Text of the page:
When you foster you get good support with the big things in fostering.
The training sessions set you up with advice on keeping your diary/records and how to keep children safe on the internet.
There are lots of little details which are so tiny that you don't even talk to your social worker about them, but there are so many of them that if you add them all together they amount to a big part of fostering.
Here's a good example; teeth cleaning.
No big deal one might think. We're all solid with the idea that it's crucial.
It either gets done, or it doesn't. There's nothing else to it. Well actually there's tons.
First off, there's the psychology of it. Us parents have had it pummelled into us that if our children don't clean their teeth they'll get decay and have to get fillings or their teeth will fall out. Maybe that's true, but it's a bit scary to hit up a looked-after child with that message twice a day. Many foster children have low self-esteem, some are tragically lured towards self-harm. Tell them their teeth will go bad and you could plant a seed that that would be fine by them, it'll teach the world a lesson.
I ended up with this strategy with a child who grumped whenever asked to "Clean your teeth":
I changed it to "Polish your teeth please". Then when he'd done it there'd be a contest to see who had the whitest teeth, him or me. He would win the "Best smile in the House" contest every time.
It worked well for a while, and we still call it 'Polishing" rather than "Cleaning" or "Brushing" in our house, because "Cleaning" has connotations of tidying your room and getting the dirt out from under your fingernails; in other words it's a drudge and a bit of a negative, whereas "Polishing" is a bit more of a fun act. Better in the mind that you are buffing up a shine rather than weedling out dirt.
That's just one part of the whole dental hygiene thing in fostering. Other stuff includes:
1. What sort of toothpaste. I had a girl who hated the minty flavours. I searched high and low for a flavourless toothpaste, couldn't find one. I still wonder why the toothapste barons haven't come up with bacon sandwich flavour, or baked beans. Or nothing. Anything but the minty.
1a. Quit the junior toothpaste at the earliest, some foster children are 8 going on 18.
2. When to clean in the morning. There's a school of thought that children should brush straight away, and another they should brush after breakfast. I don't give a fig as long as they do.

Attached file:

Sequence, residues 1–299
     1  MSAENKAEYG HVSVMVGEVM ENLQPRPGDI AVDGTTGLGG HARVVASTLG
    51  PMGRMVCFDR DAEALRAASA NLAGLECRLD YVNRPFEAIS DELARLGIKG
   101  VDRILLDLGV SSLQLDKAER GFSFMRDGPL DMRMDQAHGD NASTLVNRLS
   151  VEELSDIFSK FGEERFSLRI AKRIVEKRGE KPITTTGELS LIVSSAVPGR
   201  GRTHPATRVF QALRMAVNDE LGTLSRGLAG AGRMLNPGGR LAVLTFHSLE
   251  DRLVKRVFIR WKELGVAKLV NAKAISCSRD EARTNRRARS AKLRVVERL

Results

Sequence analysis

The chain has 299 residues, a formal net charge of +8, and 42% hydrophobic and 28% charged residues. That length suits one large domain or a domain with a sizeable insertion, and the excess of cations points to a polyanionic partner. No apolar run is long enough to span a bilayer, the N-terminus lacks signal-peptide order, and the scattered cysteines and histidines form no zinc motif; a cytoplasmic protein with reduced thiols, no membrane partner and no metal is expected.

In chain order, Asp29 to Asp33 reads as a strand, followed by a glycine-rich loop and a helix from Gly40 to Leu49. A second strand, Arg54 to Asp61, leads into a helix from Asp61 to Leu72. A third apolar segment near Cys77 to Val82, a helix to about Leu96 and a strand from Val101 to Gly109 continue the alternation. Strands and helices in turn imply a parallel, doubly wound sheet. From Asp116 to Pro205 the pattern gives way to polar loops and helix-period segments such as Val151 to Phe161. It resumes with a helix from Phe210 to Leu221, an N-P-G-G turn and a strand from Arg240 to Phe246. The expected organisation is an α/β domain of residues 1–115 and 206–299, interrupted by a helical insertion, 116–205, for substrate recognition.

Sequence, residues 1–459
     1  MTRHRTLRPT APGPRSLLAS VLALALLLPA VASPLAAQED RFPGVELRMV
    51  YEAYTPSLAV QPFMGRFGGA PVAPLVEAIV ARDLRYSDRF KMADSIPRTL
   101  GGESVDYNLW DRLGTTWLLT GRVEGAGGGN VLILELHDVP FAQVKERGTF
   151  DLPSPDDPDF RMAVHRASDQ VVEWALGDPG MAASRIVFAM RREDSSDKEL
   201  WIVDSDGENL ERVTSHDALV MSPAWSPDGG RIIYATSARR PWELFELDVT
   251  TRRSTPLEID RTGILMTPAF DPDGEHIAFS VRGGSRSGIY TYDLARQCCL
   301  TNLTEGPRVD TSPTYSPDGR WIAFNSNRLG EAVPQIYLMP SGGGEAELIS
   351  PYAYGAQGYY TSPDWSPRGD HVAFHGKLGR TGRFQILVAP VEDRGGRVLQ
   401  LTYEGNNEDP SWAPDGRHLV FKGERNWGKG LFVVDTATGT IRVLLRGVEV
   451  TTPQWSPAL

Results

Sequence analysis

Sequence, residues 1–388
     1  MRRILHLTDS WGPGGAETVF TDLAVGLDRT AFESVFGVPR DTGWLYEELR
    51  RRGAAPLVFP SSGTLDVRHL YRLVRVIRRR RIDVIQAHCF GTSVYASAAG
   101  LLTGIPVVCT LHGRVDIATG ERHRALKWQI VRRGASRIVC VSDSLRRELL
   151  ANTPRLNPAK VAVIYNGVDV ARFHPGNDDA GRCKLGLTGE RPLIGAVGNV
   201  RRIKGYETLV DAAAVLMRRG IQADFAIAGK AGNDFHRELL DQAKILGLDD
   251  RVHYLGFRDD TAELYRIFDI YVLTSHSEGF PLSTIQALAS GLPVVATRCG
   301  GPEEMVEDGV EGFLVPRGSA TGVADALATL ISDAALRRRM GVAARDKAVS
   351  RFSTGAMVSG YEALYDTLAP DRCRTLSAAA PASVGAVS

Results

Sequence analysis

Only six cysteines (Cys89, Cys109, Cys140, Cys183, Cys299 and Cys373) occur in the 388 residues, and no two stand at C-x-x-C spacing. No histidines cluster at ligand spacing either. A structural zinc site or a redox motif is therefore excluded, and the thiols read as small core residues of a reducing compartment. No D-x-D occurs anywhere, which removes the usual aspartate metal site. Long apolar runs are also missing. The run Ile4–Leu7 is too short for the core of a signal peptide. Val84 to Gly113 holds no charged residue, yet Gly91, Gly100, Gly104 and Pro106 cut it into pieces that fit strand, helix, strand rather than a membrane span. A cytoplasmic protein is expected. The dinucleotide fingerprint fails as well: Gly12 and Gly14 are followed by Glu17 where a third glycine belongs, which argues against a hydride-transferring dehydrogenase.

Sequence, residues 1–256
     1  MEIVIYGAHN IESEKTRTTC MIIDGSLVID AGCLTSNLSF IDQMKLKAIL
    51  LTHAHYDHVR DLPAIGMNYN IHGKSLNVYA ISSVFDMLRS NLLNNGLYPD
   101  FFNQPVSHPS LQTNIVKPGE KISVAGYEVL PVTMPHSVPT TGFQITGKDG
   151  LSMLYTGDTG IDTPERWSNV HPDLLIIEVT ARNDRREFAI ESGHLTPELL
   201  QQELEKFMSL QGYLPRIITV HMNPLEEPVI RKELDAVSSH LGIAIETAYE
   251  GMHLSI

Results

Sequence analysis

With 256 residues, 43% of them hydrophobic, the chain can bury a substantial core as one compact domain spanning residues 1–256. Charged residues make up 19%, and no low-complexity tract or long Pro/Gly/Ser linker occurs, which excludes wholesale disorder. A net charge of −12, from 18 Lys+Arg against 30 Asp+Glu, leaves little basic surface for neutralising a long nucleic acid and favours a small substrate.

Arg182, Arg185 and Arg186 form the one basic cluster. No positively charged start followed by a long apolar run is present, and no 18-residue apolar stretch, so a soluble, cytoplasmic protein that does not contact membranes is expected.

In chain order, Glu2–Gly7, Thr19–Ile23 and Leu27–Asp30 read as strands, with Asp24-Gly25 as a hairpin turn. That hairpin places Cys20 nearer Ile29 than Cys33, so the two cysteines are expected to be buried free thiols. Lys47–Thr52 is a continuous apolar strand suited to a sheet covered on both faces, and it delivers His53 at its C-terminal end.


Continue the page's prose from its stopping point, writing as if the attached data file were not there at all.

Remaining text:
3. Some foster children arrive with all their stuff but no toothbrush. I keep two spares still in their wrappers. Yes, two. A junior and an adult. Try giving a strapping fifteen-year-old lad a Thomas The Tank Engine extra-soft toothbrush and you've put your relationship back three days right from the off. (P.s. on this one I buy green ones or grey. Some foster children have been contaminated with the out-dated 'Blue for boys' rubbish. Mind, I do have some sympathy with boys' resistance to pink, for some reason)
3a. Once in a while a child may come into your home who doesn't know how to clean their teeth...
4. You can buy £9.99 battery-operated electric toothbrushes. If you and your partner use an electric, why are the children deferred a manual one? If anything their teeth matter more.
5. Ditto mouthwash. If they hear you having a quick gargle, they will rightly want a go. Mind, they only ask once, especially if you use Listerene original. But you can get nicer flavours....yep...mint.
6. Mirror. We had someone stay once who was too small to see himself in the bathroom mirror. I stood a little vanity mirror on the side of the sink for him.
7. 'Please'. I learned through fostering that saying please is something we parents don't do enough.
There's something else. Bigger than the above points. It's where the foster child keeps their brush. We foster parents are advised to welcome the child as a part of the family from the moment they walk through the door. Quite right.
There's no better way to say they are part of you than by their toothbrush going in the family mug or into the rack alongside everyone else's. If they want to, that is.
Not forgetting the reward they should get when they jump out of the dentists chair with nothing to be done.
I find a sticky pack of sugary Tangfastics is in order.
After all, they know how to polish their teeth, please.